Hudson was clear that leaving the nonunion employees uninformed about the source of the figure for the agency fee, requiring them to object in order to receive information, is constitutionally impermissible. 475 U.S. at 306, 106 S. Ct. at 1075-76. In Cramer v. Matish, 705 F. Supp. 1234 (W.D.Mich.1989), the court wrote that *607 where nonunion employees, potential objectors, have no way other than "blind faith" to decide "whether an objection to the amount of chargeable fees is worth pursuing", notice was not constitutional under Hudson, Tierney v. Toledo, 824 F.2d 1497 (6th Cir.1987), or Damiano v. Matish, 830 F.2d 1363 (6th Cir.1987). A nonmember should not be required to use expert assistance or to acquire additional data in order to understand the basis of the fee. Johnson v. General Motors, 641 F.2d 1075, 1082 (2d Cir.1981). In fact an unsophisticated nonunion employee should be able to, on his own, file a written objection without further research or investigation. Gilpin v. AFSCME, 643 F. Supp. 733, 737 (C.D.Ill. 1986).

Plaintiffs here properly argue that to be adequate under Hudson, the whole of the information provided must be such as "to permit the [non]member to enter an intelligent and informed objection to the use of his service fees if he desires." Damiano, 830 F.2d at 1370. That means that the union "must identify and presumably justify the chargeable expenditures," and the categories of expenses must be relevant and "sufficiently explained to determine their nature." Lehnert, 643 F. Supp. at 1327, 1329, 1331; see McGlumphy v. Fraternal Order of Police, 633 F. Supp. 1074, 1082 (N.D.Ohio 1986). Moreover, "[r]elatively large expenditures ... should be divided into their component parts so as to demonstrate with specificity the nature of the expenditure." Gilpin, 643 F. Supp. at 737. See Hudson, 475 U.S. at 307 n. 18, 106 S. Ct. at 1076 n. 18; Tierney v. City of Toledo, 824 F.2d 1497, 1503, 1506 (6th Cir. 1987).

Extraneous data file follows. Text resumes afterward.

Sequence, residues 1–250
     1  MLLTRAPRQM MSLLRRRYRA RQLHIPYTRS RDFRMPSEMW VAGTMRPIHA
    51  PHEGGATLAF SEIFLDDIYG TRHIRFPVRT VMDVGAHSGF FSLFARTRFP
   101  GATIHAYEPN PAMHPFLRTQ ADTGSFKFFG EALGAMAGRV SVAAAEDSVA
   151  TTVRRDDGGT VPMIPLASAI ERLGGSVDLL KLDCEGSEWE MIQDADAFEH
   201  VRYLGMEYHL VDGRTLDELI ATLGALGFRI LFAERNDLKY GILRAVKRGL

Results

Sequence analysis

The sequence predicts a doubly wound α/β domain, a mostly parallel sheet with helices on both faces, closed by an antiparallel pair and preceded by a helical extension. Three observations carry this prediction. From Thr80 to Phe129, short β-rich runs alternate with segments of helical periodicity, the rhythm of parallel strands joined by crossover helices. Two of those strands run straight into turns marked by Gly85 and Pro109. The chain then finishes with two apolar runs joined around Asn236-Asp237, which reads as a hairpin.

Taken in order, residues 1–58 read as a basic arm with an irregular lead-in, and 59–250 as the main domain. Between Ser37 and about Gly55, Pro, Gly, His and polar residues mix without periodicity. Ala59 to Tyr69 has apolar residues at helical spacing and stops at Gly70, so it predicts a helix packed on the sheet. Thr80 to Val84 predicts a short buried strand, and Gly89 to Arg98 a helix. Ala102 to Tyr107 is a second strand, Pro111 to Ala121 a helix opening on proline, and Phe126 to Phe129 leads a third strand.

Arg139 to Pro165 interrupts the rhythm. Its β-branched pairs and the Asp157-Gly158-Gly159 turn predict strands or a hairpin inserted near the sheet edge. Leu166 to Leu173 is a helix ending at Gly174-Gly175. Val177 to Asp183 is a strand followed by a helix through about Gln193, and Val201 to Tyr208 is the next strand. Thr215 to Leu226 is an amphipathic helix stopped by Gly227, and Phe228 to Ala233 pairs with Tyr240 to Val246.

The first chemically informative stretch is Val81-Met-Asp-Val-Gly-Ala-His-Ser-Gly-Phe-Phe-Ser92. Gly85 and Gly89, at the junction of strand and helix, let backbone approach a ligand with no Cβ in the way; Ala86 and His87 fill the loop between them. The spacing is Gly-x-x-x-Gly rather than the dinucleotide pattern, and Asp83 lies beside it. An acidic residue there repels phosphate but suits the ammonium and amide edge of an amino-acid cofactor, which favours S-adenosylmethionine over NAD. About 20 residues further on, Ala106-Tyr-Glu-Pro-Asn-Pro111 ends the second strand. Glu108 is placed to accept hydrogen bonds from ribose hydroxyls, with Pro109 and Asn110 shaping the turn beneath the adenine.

Tierney further defined what must be disclosed by the union before any fees can be collected or requested from nonmembers:

... Specifically, all non-members must receive an adequate accounting ... setting forth the major categories of the union's budgeted expenses, that enables a non-consenting employee to intelligently appraise what proportion of his dues would be allocable to the costs of negotiating and administering the collective bargaining agreement and that portion which would advance the union's ideological purposes.

Consequently, in addition to identifying "each major category in the union's budget or expenses," the disclosure must "indicate which categories comprise each component": 1) "that component undeniably for ideological purposes"; 2) that which "indisputably relates to the negotiation and administration of the collective bargaining agreement"; and 3) "the difference", i.e., a "`gray area' for many expenses that ... may be subject to dispute and hence to resolution by an impartial decisionmaker." Id. at 1504.

Plaintiffs focus their objections on the MEA's information packet. They make three major arguments as to the inadequacy of the notice actually provided to nonunion members. Plaintiffs first object to the fact that expenditures are allocated into only two components, chargeable and nonchargeable, instead of the three required by Tierney, 824 F.2d at 1504. They add that nowhere in the MEA's packet is there any indication that any of the activities and categories of expenses claimed as chargeable are reasonably subject to dispute as a matter of law, much less an allocation of expenses to that third component. See Complaint, Ex. 2 Sections B-D.